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## 8th grade

### Course: 8th grade > Unit 4

Lesson 3: Solving systems with substitution- Systems of equations with substitution: 2y=x+7 & x=y-4
- Systems of equations with substitution
- Systems of equations with substitution: y=4x-17.5 & y+2x=6.5
- Systems of equations with substitution: -3x-4y=-2 & y=2x-5
- Systems of equations with substitution: 9x+3y=15 & y-x=5
- Systems of equations with substitution
- Systems of equations with substitution: y=-5x+8 & 10x+2y=-2
- Systems of equations with substitution: y=-1/4x+100 & y=-1/4x+120
- Substitution method review (systems of equations)

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# Systems of equations with substitution

Walk through examples of solving systems of equations with substitution.

Let's work to solve this system of equations:

The tricky thing is that there are two variables, x and y. If only we could get rid of one of the variables...

Here's an idea! Equation 1 tells us that start color #e07d10, 2, x, end color #e07d10 and start color #e07d10, y, end color #e07d10 are equal. So let's plug in start color #e07d10, 2, x, end color #e07d10 for start color #e07d10, y, end color #e07d10 in Equation 2 to get rid of the y variable in that equation:

Brilliant! Now we have an equation with just the x variable that we know how to solve:

Nice! So we know that x equals 8. But remember that we are looking for an ordered pair. We need a y value as well. Let's use the first equation to find y when x equals 8:

Sweet! So the solution to the system of equations is left parenthesis, start color #11accd, 8, end color #11accd, comma, start color #1fab54, 16, end color #1fab54, right parenthesis. It's always a good idea to check the solution back in the original equations just to be sure.

Let's check the first equation:

Let's check the second equation:

Great! left parenthesis, start color #11accd, 8, end color #11accd, comma, start color #1fab54, 16, end color #1fab54, right parenthesis is indeed a solution. We must not have made any mistakes.

Your turn to solve a system of equations using substitution.

## Solving for a variable first, then using substitution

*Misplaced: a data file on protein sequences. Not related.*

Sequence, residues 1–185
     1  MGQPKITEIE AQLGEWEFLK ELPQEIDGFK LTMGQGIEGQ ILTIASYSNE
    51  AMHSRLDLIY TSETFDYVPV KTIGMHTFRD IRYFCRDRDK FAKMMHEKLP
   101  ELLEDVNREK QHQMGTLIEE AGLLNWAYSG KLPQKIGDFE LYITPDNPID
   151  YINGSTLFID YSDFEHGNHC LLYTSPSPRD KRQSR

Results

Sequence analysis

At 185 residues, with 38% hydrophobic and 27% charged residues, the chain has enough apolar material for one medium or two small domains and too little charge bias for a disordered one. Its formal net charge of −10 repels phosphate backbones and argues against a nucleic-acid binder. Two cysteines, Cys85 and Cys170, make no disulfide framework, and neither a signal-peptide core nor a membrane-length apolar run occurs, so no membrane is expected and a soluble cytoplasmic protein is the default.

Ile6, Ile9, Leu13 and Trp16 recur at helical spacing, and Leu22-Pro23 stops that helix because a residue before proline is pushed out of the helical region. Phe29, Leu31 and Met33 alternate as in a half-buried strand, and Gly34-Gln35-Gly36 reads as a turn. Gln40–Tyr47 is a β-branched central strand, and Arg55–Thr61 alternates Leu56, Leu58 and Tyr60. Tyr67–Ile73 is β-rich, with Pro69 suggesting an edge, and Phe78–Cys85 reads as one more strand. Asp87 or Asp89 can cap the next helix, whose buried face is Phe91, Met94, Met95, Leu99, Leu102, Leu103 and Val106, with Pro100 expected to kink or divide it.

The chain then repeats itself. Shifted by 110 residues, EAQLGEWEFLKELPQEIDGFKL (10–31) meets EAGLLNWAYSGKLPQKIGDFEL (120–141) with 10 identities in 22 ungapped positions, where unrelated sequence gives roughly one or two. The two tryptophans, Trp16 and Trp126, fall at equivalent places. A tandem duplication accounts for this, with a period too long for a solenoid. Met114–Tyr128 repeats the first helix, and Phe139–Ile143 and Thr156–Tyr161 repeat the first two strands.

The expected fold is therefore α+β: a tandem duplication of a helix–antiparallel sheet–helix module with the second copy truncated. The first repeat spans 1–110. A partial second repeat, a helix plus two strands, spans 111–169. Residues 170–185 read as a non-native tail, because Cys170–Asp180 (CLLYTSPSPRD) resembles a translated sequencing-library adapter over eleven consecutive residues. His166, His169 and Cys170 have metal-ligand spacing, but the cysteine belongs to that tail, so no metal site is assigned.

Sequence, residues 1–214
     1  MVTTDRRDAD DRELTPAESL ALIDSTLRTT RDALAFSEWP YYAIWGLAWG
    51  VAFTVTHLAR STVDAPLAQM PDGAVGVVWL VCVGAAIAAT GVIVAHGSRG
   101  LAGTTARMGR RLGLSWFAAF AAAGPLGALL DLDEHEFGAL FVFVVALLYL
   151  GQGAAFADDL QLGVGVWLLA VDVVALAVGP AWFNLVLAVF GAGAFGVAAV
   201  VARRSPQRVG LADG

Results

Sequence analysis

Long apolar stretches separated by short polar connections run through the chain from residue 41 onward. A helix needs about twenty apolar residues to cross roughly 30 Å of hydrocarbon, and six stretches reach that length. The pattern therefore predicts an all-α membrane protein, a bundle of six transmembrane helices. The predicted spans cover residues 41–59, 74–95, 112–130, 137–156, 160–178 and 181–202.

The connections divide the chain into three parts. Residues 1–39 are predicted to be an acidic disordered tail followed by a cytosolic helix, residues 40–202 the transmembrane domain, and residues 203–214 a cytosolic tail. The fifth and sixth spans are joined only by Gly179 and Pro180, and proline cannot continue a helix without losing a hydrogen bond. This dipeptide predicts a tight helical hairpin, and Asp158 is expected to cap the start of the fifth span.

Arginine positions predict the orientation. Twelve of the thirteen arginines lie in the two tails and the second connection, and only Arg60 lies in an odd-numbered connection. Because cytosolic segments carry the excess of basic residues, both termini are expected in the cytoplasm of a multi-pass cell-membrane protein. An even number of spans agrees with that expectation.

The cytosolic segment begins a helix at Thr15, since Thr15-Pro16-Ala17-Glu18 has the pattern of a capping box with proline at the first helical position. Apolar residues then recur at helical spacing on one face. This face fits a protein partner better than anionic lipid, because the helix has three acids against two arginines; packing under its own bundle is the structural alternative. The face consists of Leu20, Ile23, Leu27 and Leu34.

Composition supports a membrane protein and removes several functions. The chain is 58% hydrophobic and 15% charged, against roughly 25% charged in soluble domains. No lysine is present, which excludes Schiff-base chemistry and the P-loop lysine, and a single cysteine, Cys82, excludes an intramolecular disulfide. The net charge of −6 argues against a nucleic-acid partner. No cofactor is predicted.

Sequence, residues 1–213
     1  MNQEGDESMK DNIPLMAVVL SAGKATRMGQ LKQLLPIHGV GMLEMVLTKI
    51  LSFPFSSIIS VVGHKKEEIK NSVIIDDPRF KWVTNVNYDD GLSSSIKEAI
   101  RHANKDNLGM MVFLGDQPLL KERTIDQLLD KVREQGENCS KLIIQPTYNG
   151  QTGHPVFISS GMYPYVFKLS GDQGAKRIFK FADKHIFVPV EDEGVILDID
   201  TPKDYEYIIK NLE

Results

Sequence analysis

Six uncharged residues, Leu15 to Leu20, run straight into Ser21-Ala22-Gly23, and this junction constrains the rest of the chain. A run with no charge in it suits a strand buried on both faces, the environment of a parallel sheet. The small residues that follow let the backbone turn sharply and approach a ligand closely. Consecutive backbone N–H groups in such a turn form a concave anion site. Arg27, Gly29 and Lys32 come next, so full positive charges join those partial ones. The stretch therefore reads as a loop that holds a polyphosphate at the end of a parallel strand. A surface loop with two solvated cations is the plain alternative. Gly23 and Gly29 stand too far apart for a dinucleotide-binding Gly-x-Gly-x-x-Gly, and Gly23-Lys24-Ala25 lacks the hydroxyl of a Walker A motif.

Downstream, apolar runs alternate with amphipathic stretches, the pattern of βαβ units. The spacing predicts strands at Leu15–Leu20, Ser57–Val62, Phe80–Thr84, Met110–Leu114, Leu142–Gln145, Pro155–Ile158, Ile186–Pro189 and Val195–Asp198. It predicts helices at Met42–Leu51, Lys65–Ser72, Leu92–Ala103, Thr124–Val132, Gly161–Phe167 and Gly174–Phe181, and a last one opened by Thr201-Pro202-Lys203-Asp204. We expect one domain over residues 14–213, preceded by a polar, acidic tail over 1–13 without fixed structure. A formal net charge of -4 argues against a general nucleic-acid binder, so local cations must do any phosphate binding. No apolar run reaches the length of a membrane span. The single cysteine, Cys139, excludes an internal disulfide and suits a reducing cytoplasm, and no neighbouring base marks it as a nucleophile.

Sometimes using substitution is a little bit trickier. Here's another system of equations:

Notice that neither of these equations are already solved for x or y. As a result, the first step is to solve for x or y first. Here's how it goes:

**Step 1: Solve one of the equations for one of the variables.**

Let's solve the first equation for y:

**Step 2: Substitute that equation into the other equation, and solve for x.**

**Step 3: Substitute x, equals, 4 into one of the original equations, and solve for y.**

So our solution is left parenthesis, start color #11accd, 4, end color #11accd, comma, start color #1fab54, 3, end color #1fab54, right parenthesis.

## Let's practice!

## Want to join the conversation?

- This article is filled with errors in explanation. It lacks to explain why this is this and why this is here. It can get confusing and half of the time the user is trying to figure out the whole thing by himself and the article just show the answers. If you get a question wrong and hit show solution it doesn't show you explanations that go with the steps.(54 votes)
- It helps me since I have an algebra test tomorrow and I hope I get an A- or at least an B+(15 votes)

- When do we need to use this in real life?(33 votes)
- Good question. It will likely only matter if you go into a hard science field with lots of math.(13 votes)

- Props to all the homies in the struggle (the comment section) actually asking and answering questions that are relevant to the topic full heartedly. Just a little thank you.(34 votes)
- welp this helped me a little bit(17 votes)
- Thank you so much for this amazing website. I'm Dutch and we don't have 12 grades like the USA. After 6th grade, depending on our "level" we go the some high school which best suits our capabilities I guess you could say. We do some tests at the end of 6th grade and the results, in combination with the school's advice we go to vmbo, havo or vwo (middle, high, preparatory

scientific).

I went to middle. I've never been taught such equations, and now I am able to solve them, which are part of the higher degrees of eduction, which is fantastic!(14 votes)- I wish we had a similar system here.(3 votes)

- x=y+2,55

2x=5y

Substitute please(10 votes)- x = y + 2.55

2x = 5y

By substituting the first equation to the second equation we get:

2(y+2.55) = 5y

Now distribute:

2y + 2.55 = 5y

Then we combine like terms:

2.55 = 5y - 2y

which is 2.55 = 3y.

We then finally divide 3 and 2.55 to get y.

2.55/3 = y

y = 0.85. So y equals 0.85. Now we can find x easily.

x = 0.85 + 2.55

x = 3.40(1 vote)

- -5=5x+5y when you divide it by 5 I don't understand how the equation then becomes x=-1-y when you are dividing by a positive 5 :((5 votes)
- Two things are happening - first, divide by positive 5, then manipulate the equation to get x by itself.

So take the original equation and divide each term on both sides by positive 5. As long as we divide each term by the same non-zero number, the two sides will remain equal.`-5 = 5x + 5y`

-1 = x + y

Now to get x by itself, we can subtract y from both sides.`-1 = x + y`

-1 - y = x + y - y

-1 - y = x

Hope that helps.(14 votes)

- this is so confusing i dont know how to do anything(8 votes)
- i am still stuck is it another way...?(7 votes)
- In the first question when the ask you 4x+y=28 and the second equation is y=3x what do i do, do i plug in 3x into the first equation please help?(3 votes)
- Yes so it would become 4x + (3x) + 28 then, 7x = 28 and finally you would get x = 4(7 votes)